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2. Visit the Mission and the Oldest Pepper Tree in California

I’d love to see all of the twenty-one Spanish missions in California. They are spread evenly from San Diego in the south to Sonoma in the north, about 30 miles apart, or a day’s journey by horseback. Tradition says the priests sprinkled the routes between missions with mustard seed so the paths were blooming in bright yellow. Follow the yellow bloom road!

The mixture of Spanish and Moorish style architecture at Old Mission San Luis Rey de Francia makes me feel transported to Spain or Morocco.

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Say hi to the oldest pepper tree in California in the garden area – it’s nicely framed by a brick archway so you can’t miss it.

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3. Explore the Harbor

There’s something about a lighthouse that makes a scene so much more picturesque. The Oceanside Harbor has a beautiful lighthouse amidst the busy marina. With many shops and restaurants, and the best latte I’ve had since Italy (at the Nautical Bean), I will be back here again and again. Like at the pier area, parking was easy and free, which adds to the overall pleasant experience of visiting Oceanside!

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Stay in a Historic Home in Kyoto

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While visiting Kyoto, the former capital of Japan steeped in rich history, why not enhance your experience by staying in a historic house that is nearly 100 years old? Bairin-an (“Plum Grove”) is one of three units within a large machiya (wooden traditional townhouse) called Kyo Machiya Miyabi that was renovated to include modern facilities for added comfort, and is available for short-term rental.

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The design was completed by a renowned Kyoto-based architect, Geoffrey P. Moussas, who specializes in historic preservation of machiya. I really appreciated all of the original wood in the home, scarred by decades of every day use. Typical of a machiya, Bairin-An has an interior private garden and interesting interior features such as sliding windows made of paper between living spaces.

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Bairin-An is located in the famous Gion district of Kyoto where you can still see geisha walking in full kimono gear and white make-up, if you are lucky! Its location makes it an ideal home base for travelers, a short walk to Kyoto’s bustling business district, but on a quiet residential street that makes you feel like a local resident. It is within walking distance of many famous temples, including Kiyomizu Temple, a designated World Cultural Heritage site and a first stop for many visiting Kyoto.

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I especially enjoyed burrowing in the comfortable futon bed after a long day of sightseeing (if you’ve ever slept on a good futon, you know there’s no sleep quite like it!), then waking up and having a cup of green tea while looking out over the private garden.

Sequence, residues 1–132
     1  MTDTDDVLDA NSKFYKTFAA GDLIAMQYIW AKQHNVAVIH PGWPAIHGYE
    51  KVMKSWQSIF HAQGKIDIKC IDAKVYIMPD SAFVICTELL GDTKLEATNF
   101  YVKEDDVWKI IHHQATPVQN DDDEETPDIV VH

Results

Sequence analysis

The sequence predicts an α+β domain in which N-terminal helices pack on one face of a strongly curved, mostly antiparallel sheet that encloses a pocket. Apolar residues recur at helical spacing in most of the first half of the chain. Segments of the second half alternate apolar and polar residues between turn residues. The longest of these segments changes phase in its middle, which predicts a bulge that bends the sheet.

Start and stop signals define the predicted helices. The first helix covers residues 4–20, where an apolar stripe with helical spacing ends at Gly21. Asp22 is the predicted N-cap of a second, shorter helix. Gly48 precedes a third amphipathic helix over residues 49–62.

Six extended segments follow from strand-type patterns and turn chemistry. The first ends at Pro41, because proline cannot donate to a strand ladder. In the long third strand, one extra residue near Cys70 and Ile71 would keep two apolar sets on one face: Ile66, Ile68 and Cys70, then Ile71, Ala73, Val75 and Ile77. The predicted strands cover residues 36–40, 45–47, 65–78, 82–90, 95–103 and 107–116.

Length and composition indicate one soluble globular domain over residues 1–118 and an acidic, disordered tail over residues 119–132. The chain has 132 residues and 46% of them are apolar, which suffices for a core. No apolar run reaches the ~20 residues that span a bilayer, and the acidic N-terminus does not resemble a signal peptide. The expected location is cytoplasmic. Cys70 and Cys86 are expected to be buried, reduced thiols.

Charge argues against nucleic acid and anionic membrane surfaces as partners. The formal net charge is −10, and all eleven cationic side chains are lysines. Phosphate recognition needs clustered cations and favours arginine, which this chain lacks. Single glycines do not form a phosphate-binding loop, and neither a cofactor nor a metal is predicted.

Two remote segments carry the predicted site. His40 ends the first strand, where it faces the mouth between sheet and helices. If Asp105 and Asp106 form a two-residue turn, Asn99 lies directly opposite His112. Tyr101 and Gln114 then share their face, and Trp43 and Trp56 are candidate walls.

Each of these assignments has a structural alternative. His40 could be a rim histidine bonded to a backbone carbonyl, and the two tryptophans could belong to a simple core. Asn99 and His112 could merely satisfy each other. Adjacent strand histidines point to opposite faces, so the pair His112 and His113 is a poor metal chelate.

Do you seek out places with character and history over a modern hotel?

A wedding and a funeral in Japan

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Rites and rituals are fascinating parts of a culture, and I got to experience an abundance of them in Tokyo all in one day. The overcast Sunday began with my grandmother’s funeral. There are numerous ceremonies for the deceased in Buddhism, starting with a wake and cremation ceremony, followed by multiple memorial ceremonies, but this was one of the most significant ceremonies which takes place 49 days after the death (in Buddhism, 49 days is the estimated time it takes a spirit to be reborn). During the ceremony, a Buddhist priest chants from a sutra, then members of the family stand one at a time at the altar to offer incense to the deceased.

Following the ceremony, our grandmother’s urn was placed in the family grave located on the temple grounds. After a catered lunch of traditional Japanese food at the dining area of the temple, guests were given a parting gift (in the photo above, you can see us carrying gifts into the temple that will be given to guests) as a thank you for condolence money given to the family. Indeed it is a gift-giving culture, and gifts are as much a part of daily life as part of major rituals.

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Later that day, I got to witness the wedding of my sister’s friend in the famous Meiji Jingu shrine in the heart of Harajuku, Tokyo. The bride wore a traditional white wedding kimono called a “shiromuku” and I think she looked so beautiful!

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Traditional wedding ceremonies take place inside the shrine and are only for close family members, but friends and the general public can observe the procession from different parts of the shrine, complete with the ubiquitous red paper umbrella. If you visit Meiji Jingu during the weekend, you will likely see several wedding processions.